Univ Hamburg, Inst Nanostruct & Solid State Phys, D-22761 Hamburg, Germany.;Ctr Free Electron Laser Sci CFEL, Luruper Chaussee 149, D-22761 Hamburg, Germany..
    Wetzel, A.
    Univ Hamburg, Inst Nanostruct & Solid State Phys, D-22761 Hamburg, Germany.;Ctr Free Electron Laser Sci CFEL, Luruper Chaussee 149, D-22761 Hamburg, Germany..
    Hofmann, S. M.
    Ludwig Maximilians Univ Munchen, Inst Biomol Opt, Oettingenstr 67, D-80538 Munich, Germany.;Ludwig Maximilians Univ Munchen, Ctr Integrated Prot Sci CIPSM, Oettingenstr 67, D-80538 Munich, Germany..
    Roedig, P.
    Deutsch Elektronensynchrotron DESY, Notkestr 85, D-22607 Hamburg, Germany..
    Meents, A.
    Deutsch Elektronensynchrotron DESY, Notkestr 85, D-22607 Hamburg, Germany..
    Bielecki, Johan
    Uppsala University, Disciplinary Domain of Science and Technology, Biology, Department of Cell and Molecular Biology, Molecular biophysics. European XFEL, Holzkoppel 4, D-22869 Schenefeld, Germany..
    Andreasson, Jakob
    Uppsala University, Disciplinary Domain of Science and Technology, Biology, Department of Cell and Molecular Biology, Molecular biophysics. Czech Acad Sci, ELI Beamlines, Inst Phys, Na Slovance 2, Prague 18221, Czech Republic.;Chalmers Univ Technol, Dept Phys, Condensed Matter Phys, Gothenburg, Sweden..
    Beyerlein, K. R.
    Ctr Free Electron Laser Sci CFEL, Luruper Chaussee 149, D-22761 Hamburg, Germany..
    Chapman, H. N.
    Ctr Free Electron Laser Sci CFEL, Luruper Chaussee 149, D-22761 Hamburg, Germany.;Deutsch Elektronensynchrotron DESY, Notkestr 85, D-22607 Hamburg, Germany..
    Bressler, C.
    European XFEL, Holzkoppel 4, D-22869 Schenefeld, Germany.;Tech Univ Denmark, Dept Phys, Fysikvej 307, DK-2800 Lyngby, Denmark.;Univ Hamburg, Hamburg Ctr Ultrafast Imaging, Luruper Chaussee 149, D-22761 Hamburg, Germany..
    Zinth, W.
    Ludwig Maximilians Univ Munchen, Inst Biomol Opt, Oettingenstr 67, D-80538 Munich, Germany.;Ludwig Maximilians Univ Munchen, Ctr Integrated Prot Sci CIPSM, Oettingenstr 67, D-80538 Munich, Germany..
    Rübhausen, M.
    Univ Hamburg, Inst Nanostruct & Solid State Phys, D-22761 Hamburg, Germany.;Ctr Free Electron Laser Sci CFEL, Luruper Chaussee 149, D-22761 Hamburg, Germany..
    Herres-Pawlis, S.
    Rhein Westfal TH Aachen, Inst Inorgan Chem, D-52074 Aachen, Germany..
    Transferring the entatic-state principle to copper photochemistry2018In: Nature Chemistry, ISSN 1755-4330, E-ISSN 1755-4349, Vol. 10, no 3, p. 355-362Article in journal (Refereed)
    Abstract [en]

    The entatic state denotes a distorted coordination geometry of a complex from its typical arrangement that generates an improvement to its function. The entatic-state principle has been observed to apply to copper electron-transfer proteins and it results in a lowering of the reorganization energy of the electron-transfer process. It is thus crucial for a multitude of biochemical processes, but its importance to photoactive complexes is unexplored. Here we study a copper complex-with a specifically designed constraining ligand geometry-that exhibits metal-to-ligand charge-transfer state lifetimes that are very short. The guanidine-quinoline ligand used here acts on the bis(chelated) copper(I) centre, allowing only small structural changes after photoexcitation that result in very fast structural dynamics. The data were collected using a multimethod approach that featured time-resolved ultraviolet-visible, infrared and X-ray absorption and optical emission spectroscopy. Through supporting density functional calculations, we deliver a detailed picture of the structural dynamics in the picosecond-to-nanosecond time range.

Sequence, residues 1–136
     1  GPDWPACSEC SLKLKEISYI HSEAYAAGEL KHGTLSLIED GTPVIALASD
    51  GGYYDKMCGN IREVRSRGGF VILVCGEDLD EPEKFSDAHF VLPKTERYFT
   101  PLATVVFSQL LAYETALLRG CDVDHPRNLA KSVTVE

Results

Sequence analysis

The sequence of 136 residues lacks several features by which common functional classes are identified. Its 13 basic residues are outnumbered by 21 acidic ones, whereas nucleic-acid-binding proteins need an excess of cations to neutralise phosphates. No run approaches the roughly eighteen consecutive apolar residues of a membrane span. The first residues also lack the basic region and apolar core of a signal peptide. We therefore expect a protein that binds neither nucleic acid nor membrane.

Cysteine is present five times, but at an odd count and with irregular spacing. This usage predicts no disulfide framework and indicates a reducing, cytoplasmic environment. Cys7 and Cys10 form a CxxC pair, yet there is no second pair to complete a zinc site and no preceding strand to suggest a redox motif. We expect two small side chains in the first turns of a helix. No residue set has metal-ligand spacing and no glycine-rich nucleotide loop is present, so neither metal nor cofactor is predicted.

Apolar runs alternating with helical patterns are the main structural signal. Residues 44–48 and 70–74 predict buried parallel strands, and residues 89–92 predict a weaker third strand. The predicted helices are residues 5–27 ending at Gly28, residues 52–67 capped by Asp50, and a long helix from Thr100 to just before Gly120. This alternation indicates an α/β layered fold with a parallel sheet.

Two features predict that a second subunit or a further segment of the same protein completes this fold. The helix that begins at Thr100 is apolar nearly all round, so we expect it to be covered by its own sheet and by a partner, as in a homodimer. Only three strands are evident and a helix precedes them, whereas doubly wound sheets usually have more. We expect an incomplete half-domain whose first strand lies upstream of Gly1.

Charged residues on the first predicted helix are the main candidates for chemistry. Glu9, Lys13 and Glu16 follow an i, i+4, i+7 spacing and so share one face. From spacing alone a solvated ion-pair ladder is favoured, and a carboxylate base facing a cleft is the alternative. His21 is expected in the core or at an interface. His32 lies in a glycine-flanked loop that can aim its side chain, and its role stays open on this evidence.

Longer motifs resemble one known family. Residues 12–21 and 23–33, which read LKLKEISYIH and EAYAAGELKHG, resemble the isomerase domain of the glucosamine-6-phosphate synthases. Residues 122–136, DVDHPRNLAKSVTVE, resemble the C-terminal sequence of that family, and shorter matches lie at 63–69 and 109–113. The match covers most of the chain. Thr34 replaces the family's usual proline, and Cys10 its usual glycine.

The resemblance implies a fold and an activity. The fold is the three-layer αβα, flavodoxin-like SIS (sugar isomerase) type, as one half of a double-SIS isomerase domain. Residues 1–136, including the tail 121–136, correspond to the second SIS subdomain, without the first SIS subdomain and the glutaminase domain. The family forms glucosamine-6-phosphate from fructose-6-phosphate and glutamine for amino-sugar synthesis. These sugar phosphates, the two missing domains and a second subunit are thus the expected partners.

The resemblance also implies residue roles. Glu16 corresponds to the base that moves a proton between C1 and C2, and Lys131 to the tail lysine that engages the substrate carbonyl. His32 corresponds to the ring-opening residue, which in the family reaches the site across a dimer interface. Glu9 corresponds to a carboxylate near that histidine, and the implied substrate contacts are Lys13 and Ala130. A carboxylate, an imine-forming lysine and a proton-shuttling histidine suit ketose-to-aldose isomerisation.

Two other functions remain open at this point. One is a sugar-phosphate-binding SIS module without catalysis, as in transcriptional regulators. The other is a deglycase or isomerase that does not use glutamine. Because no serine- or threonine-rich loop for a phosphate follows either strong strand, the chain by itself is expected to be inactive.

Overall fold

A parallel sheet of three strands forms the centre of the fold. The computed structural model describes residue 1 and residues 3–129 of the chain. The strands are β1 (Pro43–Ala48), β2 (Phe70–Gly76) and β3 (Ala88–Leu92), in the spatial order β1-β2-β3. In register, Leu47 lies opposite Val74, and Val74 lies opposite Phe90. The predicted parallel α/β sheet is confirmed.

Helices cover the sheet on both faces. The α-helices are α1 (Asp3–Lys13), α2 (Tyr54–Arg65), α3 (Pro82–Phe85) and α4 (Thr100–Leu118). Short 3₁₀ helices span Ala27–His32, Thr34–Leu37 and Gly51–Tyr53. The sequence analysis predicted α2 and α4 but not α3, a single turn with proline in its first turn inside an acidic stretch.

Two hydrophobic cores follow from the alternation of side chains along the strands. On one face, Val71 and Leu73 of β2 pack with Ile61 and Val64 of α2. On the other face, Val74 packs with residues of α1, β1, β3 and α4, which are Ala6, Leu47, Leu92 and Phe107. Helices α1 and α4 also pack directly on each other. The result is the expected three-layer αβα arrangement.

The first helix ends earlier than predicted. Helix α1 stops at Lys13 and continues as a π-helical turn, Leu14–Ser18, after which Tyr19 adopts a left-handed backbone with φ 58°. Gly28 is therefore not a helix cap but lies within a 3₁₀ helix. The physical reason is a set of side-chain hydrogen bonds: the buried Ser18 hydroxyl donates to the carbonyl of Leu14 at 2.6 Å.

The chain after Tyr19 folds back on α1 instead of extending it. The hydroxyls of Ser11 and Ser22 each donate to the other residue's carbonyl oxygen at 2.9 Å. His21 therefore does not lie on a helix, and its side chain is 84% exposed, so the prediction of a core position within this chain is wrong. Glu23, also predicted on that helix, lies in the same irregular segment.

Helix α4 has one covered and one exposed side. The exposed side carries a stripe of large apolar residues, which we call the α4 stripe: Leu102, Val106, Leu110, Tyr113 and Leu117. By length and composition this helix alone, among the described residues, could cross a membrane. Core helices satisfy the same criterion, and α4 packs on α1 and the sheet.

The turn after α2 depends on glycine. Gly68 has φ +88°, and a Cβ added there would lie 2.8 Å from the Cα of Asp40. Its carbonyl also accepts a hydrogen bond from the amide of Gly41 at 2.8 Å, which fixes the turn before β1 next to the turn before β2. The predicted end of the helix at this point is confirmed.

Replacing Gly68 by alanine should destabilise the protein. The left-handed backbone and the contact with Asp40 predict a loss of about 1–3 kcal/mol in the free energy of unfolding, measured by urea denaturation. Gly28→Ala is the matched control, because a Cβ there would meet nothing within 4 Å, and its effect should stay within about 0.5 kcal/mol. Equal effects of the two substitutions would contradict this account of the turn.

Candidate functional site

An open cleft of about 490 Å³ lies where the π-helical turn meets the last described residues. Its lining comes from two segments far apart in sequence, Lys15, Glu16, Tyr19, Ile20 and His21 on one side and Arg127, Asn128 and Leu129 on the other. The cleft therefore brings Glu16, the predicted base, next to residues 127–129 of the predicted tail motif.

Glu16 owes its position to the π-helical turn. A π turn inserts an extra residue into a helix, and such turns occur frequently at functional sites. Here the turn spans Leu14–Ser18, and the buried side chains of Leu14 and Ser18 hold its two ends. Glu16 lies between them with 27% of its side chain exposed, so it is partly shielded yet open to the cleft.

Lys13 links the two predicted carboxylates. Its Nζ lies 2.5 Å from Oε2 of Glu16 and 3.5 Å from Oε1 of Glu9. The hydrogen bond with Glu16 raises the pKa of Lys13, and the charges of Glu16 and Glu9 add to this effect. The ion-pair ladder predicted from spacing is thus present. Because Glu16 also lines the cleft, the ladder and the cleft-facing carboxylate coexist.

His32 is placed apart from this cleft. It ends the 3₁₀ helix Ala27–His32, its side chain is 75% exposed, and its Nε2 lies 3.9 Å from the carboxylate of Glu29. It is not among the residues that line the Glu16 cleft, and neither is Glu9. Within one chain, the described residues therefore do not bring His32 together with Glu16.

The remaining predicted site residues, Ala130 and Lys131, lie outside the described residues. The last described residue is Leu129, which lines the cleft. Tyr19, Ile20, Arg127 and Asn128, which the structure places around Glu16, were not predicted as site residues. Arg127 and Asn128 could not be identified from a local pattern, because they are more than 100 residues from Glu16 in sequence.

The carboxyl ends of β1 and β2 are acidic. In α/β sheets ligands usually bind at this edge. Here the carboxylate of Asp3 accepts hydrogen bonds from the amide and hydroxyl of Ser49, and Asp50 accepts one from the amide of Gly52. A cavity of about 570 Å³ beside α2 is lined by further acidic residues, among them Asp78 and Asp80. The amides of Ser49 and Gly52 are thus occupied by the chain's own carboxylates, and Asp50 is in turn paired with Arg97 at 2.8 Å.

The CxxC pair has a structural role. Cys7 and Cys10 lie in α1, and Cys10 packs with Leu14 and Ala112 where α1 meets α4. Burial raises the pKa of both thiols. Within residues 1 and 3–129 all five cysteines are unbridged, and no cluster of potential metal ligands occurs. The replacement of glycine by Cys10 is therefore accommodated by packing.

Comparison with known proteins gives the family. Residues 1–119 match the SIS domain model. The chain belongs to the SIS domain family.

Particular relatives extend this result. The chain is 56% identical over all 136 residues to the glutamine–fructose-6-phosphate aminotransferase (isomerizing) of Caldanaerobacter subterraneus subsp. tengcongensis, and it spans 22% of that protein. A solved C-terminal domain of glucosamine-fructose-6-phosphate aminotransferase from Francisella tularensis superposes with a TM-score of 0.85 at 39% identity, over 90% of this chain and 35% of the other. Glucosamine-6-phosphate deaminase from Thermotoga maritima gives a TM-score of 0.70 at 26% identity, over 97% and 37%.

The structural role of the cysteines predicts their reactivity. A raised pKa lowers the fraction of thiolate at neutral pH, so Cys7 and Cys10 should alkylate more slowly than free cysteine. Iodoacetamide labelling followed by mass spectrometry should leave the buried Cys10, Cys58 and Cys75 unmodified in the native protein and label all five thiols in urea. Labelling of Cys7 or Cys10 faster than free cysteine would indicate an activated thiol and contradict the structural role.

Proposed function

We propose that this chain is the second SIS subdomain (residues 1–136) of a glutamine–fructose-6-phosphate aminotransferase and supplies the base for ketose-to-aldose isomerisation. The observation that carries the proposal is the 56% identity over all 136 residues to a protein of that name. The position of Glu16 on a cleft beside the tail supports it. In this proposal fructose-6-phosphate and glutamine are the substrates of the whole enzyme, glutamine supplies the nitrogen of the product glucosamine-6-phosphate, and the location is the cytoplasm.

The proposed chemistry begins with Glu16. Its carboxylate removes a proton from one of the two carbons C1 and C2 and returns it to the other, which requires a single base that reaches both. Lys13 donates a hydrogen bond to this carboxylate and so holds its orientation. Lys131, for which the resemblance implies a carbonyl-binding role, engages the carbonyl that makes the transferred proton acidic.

• 53. Duane Loh, N.
    et al.
    Starodub, D.
    Lomb, L.
    Hampton, C. Y.
    Martin, A. V.
    Sierra, R. G.
    Barty, A.
    Aquila, A.
    Schulz, J.
    Steinbrener, J.
    Shoeman, R. L.
    Kassemeyer, S.
    Bostedt, C.
    Bozek, J.
    Epp, S. W.
    Erk, B.
    Hartmann, R.
    Rolles, D.
    Rudenko, A.
    Rudek, B.
    Foucar, L.
    Kimmel, N.
    Weidenspointner, G.
    Hauser, G.
    Holl, P.
    Pedersoli, E.
    Liang, M.
    Hunter, M. S.
    Gumprecht, L.
    Coppola, N.
    Wunderer, C.
    Graafsma, H.
    Maia, F. R. N. C.
    Ekeberg, T.
    Hantke, Max Felix
    Uppsala University, Disciplinary Domain of Science and Technology, Biology, Department of Cell and Molecular Biology, Molecular biophysics.
    Fleckenstein, H.
    Hirsemann, H.
    Nass, K.
    White, T. A.
    Tobias, H. J.
    Farquar, G. R.
    Henry Benner, W.
    Hau-Riege, S.
    Reich, C.
    Hartmann, A.